10. MarShon Brooks. Brooks, who’s been buried so deep in Johnson’s rotation he might as well wear a Springfield Armor jersey, got a chance to play twenty entire minutes on Wednesday night and didn’t look completely out of sorts. He appears to be pressing to get his buckets when he’s on the floor, but since he’s naturally a scorer, you expect that to some degree. With Stackhouse slowly losing his grip on a twenty-minute rotation spot, minutes will open up. If he can perform, Brooks should get them.

11. C.J. Watson. Watson picked up his first chance to audition as a starting point guard thanks to Deron Williams’s wrist injury and promptly bombed it, shooting 2-12 from the field with only two assists in 31 minutes. Watson is a dream as a backup point guard, but his struggles from the field this week — just 24 percent shooting in three games — leave the Nets wanting more.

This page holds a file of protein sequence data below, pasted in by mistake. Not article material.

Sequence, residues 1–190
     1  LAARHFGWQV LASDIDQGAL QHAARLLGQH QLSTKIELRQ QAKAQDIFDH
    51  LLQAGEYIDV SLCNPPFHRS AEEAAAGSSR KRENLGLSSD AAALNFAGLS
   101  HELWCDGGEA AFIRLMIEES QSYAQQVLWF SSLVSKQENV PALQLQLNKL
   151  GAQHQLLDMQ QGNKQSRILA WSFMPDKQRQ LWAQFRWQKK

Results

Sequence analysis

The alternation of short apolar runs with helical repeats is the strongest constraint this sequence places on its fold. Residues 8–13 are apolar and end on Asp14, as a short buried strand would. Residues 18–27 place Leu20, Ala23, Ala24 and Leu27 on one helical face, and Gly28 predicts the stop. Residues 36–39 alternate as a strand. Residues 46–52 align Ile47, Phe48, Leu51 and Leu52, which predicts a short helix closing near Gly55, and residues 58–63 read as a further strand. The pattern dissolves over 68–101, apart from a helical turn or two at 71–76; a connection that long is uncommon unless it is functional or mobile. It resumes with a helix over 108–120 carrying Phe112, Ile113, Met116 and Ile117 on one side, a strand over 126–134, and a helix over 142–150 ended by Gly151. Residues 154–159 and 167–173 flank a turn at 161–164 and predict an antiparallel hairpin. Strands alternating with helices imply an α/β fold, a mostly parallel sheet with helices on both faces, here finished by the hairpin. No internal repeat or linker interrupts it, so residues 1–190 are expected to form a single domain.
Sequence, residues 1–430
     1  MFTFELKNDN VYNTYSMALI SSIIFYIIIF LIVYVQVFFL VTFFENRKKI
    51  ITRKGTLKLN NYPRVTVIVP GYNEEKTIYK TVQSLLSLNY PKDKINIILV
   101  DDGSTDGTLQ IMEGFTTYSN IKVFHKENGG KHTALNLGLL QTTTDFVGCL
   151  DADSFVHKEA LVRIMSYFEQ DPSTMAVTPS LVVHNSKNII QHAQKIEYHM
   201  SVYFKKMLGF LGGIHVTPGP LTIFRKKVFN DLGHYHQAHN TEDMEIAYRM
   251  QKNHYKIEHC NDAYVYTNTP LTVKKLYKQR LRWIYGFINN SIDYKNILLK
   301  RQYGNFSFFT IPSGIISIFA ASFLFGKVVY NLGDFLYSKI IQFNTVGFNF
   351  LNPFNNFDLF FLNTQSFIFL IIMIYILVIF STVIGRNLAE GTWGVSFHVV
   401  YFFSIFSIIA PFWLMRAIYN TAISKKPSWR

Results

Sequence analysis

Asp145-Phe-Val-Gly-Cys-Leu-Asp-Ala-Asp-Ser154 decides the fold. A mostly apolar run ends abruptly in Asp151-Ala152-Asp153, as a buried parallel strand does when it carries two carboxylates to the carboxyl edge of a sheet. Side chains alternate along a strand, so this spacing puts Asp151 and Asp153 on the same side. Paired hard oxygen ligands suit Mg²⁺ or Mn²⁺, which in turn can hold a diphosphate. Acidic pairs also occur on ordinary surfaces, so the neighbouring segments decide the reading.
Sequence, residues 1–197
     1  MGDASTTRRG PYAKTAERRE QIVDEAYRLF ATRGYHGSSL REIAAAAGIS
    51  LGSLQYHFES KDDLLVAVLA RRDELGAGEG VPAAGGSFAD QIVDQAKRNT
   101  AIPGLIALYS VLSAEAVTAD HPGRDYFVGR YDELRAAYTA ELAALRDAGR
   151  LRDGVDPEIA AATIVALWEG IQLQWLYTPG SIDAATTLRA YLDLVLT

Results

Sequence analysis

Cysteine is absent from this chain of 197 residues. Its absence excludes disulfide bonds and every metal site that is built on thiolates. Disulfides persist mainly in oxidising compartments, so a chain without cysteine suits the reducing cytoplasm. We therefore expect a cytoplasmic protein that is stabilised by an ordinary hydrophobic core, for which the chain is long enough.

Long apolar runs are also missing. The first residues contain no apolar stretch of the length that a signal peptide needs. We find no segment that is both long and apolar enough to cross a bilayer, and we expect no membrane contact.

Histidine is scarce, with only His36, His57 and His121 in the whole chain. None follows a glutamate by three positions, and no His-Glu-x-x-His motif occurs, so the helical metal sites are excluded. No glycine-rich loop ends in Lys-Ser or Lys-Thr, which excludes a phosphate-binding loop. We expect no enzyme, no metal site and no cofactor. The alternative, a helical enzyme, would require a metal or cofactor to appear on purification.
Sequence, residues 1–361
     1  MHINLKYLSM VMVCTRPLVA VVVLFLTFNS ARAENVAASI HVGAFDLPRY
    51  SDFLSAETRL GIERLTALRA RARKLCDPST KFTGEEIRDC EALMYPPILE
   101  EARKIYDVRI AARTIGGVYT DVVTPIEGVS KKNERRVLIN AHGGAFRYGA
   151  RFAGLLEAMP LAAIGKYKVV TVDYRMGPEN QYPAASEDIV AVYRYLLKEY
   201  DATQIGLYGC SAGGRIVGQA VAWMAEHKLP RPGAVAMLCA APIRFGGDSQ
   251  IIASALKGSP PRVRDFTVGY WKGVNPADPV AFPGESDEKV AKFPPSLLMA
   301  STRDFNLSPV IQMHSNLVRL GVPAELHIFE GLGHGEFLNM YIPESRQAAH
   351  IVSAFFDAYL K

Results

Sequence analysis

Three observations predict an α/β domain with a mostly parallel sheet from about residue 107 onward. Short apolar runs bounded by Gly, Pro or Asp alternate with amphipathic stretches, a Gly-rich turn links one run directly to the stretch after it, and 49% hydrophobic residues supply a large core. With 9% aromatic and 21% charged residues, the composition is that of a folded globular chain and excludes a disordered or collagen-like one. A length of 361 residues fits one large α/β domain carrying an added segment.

12. Kris Humphries. Poor, poor Kris Humphries. Lost his spot in Avery Johnson’s starting lineup as the Nets tried out a new small-ball look with Gerald Wallace at power forward, then Johnson gave Humphries a shocking DNP-CD. The next day, an MRI revealed Humphries had a mild abdominal strain, keeping him out of Christmas’s brawl reunion against Boston and Wednesday’s game against Milwaukee. Humphries has gone from one of the key components of a balanced Nets starting five to a DNP-CD at the back of the bench. Hey, at least he’s got holiday spirit. And maybe P.J. will like him more.

Not ranked: Tornike Shengelia (nine minutes this week), Mirza Teletovic (two minutes this week), Josh Childress (DNP)

Devin Kharpertian is the managing editor of the Brooklyn Game.

Nets Power Rankings: Melting Down